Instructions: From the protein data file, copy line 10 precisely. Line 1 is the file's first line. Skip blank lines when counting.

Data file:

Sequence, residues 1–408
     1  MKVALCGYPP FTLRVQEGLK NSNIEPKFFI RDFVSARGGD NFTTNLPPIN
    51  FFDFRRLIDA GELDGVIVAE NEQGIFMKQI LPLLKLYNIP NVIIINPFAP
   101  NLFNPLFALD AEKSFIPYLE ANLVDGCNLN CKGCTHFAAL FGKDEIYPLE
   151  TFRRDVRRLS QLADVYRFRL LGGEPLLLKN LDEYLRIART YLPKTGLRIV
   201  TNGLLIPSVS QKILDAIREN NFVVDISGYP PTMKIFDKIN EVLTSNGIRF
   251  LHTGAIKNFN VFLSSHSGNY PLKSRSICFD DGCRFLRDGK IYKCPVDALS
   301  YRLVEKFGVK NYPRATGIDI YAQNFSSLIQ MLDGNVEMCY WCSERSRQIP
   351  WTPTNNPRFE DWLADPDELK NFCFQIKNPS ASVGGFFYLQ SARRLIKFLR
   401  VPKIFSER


   401  VPKIFSER